However, it does have a lot to say about His death, resurrection and return.
In 1st Corinthians 11: 23 – 26, the Apostle Paul gave clear instructions for the church and the world, emphatically reminding them that the partaking of both the elements of bread and wine during Holy Communion is the most significant act for remembrance of the death and resurrection of the Lord Jesus Christ.
Thus at verse 26 he writes, “For as often as ye eat this bread, and drink this cup, ye do show the Lord’s death till he come”.
All four Gospel writers Mathew, Mark, Luke and John, record only historical accounts describing the where, when, how, why and for what reason and purpose Jesus Christ was born.
Hosts of angels announced and glorified the birth of the Christ child, Shepherds in the field welcomed his birth, wise men from the East came with gifts to witness and honour his arrival and his parents Joseph and Mary revered and kept in their hearts the message delivered to them by the angel Gabriel. However, there was absolutely no word to say that his birth should be remembered and celebrated. Christmas therefore has sadly become little more than a big business extravaganza. It’s a paganistic form of celebration and comes with high expectation of road fatalities, domestic violence and escalation of alcohol and drug related problems.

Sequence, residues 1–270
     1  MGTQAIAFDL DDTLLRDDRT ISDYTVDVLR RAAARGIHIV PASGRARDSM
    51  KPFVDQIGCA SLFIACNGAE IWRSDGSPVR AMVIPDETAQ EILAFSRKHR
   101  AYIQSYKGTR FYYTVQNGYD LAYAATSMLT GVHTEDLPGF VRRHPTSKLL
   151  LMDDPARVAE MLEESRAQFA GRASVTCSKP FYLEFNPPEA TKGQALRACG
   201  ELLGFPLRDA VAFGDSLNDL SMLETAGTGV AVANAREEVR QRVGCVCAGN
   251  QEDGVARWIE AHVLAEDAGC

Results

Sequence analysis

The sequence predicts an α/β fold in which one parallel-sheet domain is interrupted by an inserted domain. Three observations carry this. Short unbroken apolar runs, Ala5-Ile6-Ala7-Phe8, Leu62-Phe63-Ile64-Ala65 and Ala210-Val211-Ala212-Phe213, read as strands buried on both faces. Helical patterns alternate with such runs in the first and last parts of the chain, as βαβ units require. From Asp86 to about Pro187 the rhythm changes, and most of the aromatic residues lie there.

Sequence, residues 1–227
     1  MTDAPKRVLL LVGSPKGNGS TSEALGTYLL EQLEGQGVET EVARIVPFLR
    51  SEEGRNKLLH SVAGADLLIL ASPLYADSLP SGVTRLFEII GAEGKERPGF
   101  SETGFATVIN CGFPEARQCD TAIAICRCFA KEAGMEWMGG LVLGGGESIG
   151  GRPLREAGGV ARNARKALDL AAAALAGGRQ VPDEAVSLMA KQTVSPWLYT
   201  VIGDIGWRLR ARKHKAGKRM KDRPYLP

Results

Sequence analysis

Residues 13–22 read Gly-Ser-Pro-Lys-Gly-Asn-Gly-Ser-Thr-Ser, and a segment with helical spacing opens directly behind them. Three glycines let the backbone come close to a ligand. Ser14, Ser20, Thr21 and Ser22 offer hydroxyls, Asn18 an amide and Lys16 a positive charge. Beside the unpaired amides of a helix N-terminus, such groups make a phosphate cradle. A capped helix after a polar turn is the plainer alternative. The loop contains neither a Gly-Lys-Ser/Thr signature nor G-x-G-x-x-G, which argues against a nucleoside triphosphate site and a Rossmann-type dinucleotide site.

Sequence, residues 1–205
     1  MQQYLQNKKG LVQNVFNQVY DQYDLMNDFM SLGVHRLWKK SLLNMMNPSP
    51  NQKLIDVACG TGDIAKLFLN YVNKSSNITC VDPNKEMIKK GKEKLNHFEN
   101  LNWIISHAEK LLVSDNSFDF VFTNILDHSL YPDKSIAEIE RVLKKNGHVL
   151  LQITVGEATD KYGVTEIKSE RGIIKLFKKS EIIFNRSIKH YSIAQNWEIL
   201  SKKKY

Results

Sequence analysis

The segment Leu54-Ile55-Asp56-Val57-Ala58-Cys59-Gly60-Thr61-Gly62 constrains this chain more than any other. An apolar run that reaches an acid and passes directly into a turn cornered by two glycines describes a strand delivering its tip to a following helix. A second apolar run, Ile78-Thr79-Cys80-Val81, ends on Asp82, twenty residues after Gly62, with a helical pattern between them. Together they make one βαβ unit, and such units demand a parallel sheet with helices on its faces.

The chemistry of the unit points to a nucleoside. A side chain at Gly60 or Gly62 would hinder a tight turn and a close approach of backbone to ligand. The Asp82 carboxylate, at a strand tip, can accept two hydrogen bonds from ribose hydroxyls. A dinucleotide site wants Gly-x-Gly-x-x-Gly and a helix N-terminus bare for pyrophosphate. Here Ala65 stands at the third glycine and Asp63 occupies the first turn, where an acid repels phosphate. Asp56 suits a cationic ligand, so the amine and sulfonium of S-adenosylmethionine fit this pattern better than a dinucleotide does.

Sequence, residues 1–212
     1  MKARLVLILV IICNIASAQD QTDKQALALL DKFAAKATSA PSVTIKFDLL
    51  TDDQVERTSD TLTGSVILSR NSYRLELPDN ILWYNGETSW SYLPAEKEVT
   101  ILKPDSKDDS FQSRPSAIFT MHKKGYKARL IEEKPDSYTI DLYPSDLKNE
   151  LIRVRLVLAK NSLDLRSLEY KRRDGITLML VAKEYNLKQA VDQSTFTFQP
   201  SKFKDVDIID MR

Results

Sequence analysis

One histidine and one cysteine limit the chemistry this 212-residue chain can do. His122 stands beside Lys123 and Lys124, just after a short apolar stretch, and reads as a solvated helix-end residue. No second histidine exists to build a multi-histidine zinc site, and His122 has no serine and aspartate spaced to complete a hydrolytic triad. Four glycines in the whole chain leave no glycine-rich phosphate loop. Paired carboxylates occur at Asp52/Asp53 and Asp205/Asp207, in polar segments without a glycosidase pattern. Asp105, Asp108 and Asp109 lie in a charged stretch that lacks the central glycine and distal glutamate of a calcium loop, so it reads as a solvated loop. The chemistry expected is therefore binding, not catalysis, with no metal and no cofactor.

This Christ child who grew up to be the Light of the World, Prince of Peace, Saviour and Redeemer of all mankind, who died upon the Cross for the sins of all of humanity, is the total and extreme opposite to what the world has made his birth, character and mission out to be.
The Christmas celebration delivers a more materialistic message than the angelic message of good tidings of great joy to all people. We pray that the whole of Christendom will re-align their focus more on the spiritual and holy notion of the Christ child than what the world and carnal mind portray of him.
Be Christ-blessed throughout the entire festive season and pleasant entry into the New Year 2019.
Bishop Tutai Pere